Boston-born comedian and actor Denis Leary released his first standup comedy album No Cure for Cancer in 1993. The chain-smoking, explosive Leary first gained notoriety with MTV commercials, but he certainly benefited from the popularity of Sam Kinison and Andrew Dice Clay in the late 1980s and early 1990s. No Cure for Cancer is wildly uneven. About 35 minutes of standup are sandwiched between four novelty songs. The best one, "Asshole," is a funny diatribe set to acoustic rhythm guitar. It achieved some success in a censored form, which robbed it of impact. Leary's barbed tongue tackles topics like drugs, smoking, meat, rock stars, death, and combinations thereof. Parts of the standup monologue don't work, and occasionally the deadly silence of the audience proves it. He starts rolling when he talks about sex, drugs, and music as they related to 1970s culture. In "Rehab," Leary complains about people blaming dysfunctional families for life's disappointments. In a poignant rebuttal, he argues that happiness comes in small doses: a cigarette, a chocolate-chip cookie, or a five-second orgasm. "More Drugs" is clearly the best bit. He laments the deaths of stellar musicians and complains about the superhuman durability of lesser talents. No Cure for Cancer's best line?: "Stevie Ray Vaughan is dead and we can't get Jon Bon Jovi on a helicopter." Ouch! Others singled out for praise or ridicule include John Lennon, Yoko Ono, Motley Crue, Barry Manilow, the Bee Gees, Andy Gibb, Judas Priest, Dan Fogelberg, James Taylor, the Black Crowes, the Doors, R.E.M.'s Michael Stipe, Don Henley, Joe Walsh, Elvis Presley, and Keith Richards. Leary gleefully punctures political correctness by praising smoking and wishing for throat cancer and a voice box on "Smoke" and honoring war-mongering, carnivorous men on "Meat."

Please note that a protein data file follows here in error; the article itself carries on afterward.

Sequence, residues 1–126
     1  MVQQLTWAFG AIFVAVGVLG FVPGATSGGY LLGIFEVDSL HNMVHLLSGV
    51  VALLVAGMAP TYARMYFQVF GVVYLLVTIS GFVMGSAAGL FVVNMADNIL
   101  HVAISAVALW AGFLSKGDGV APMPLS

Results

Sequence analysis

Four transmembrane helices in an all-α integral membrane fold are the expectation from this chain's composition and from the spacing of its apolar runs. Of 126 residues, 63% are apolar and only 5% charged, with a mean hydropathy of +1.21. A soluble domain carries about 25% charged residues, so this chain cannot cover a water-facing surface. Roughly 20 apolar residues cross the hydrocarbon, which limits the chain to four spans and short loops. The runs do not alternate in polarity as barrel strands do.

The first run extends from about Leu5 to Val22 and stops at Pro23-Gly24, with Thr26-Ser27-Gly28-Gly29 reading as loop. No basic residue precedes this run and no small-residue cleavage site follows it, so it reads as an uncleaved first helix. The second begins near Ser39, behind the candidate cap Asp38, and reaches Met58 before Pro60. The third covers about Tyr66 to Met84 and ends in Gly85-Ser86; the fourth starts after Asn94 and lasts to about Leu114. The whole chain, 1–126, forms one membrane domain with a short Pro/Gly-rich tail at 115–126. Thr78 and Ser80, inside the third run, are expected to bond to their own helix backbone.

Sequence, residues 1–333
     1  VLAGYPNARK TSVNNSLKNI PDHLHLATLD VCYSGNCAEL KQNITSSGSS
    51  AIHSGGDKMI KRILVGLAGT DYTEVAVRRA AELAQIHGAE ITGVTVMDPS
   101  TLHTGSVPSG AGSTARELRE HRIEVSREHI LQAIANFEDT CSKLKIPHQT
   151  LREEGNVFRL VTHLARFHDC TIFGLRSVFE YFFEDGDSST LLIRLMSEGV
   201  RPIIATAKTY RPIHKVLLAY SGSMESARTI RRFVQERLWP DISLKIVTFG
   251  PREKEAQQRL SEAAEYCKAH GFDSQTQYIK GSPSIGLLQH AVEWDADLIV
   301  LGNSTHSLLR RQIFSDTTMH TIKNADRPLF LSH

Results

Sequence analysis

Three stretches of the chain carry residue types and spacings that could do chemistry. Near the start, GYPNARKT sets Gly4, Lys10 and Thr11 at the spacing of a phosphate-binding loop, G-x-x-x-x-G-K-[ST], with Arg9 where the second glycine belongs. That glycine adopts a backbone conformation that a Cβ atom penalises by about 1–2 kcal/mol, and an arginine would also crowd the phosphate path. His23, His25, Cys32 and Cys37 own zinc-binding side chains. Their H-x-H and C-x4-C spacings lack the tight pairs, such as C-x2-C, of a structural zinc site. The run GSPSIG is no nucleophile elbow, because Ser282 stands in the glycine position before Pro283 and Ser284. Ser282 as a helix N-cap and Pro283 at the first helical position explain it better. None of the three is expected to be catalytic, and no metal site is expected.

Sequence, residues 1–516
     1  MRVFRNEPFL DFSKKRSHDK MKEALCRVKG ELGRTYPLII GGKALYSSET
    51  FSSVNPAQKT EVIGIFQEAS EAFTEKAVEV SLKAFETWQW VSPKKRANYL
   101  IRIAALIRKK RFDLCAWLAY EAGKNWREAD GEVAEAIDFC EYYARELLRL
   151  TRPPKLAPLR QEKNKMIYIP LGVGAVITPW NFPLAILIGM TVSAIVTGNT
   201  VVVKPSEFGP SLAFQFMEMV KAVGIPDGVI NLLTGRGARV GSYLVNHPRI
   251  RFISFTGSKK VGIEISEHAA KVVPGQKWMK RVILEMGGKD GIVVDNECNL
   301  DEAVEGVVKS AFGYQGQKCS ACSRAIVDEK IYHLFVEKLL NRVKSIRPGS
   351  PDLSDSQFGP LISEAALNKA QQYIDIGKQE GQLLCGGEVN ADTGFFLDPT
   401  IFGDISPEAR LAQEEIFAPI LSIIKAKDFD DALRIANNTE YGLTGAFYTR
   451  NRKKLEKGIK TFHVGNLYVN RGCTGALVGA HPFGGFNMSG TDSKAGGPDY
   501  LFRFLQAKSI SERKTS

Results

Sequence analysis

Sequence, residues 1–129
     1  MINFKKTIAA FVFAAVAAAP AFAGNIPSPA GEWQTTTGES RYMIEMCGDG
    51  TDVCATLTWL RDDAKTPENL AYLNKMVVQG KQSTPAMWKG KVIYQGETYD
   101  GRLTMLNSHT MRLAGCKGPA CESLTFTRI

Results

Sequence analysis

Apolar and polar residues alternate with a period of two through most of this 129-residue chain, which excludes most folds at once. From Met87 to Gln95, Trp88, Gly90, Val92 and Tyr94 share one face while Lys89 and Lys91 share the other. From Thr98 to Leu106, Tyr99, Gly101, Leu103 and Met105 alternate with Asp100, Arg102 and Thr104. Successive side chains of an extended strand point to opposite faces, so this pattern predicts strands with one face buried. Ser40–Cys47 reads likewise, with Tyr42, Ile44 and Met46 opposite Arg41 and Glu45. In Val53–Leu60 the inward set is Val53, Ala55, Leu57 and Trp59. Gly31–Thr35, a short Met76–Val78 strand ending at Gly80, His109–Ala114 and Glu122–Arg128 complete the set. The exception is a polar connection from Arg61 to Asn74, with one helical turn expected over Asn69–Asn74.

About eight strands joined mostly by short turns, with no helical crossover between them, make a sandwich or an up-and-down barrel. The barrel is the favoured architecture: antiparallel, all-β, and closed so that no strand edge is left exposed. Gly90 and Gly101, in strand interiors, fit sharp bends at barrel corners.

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AllMusic Review by Bret Adams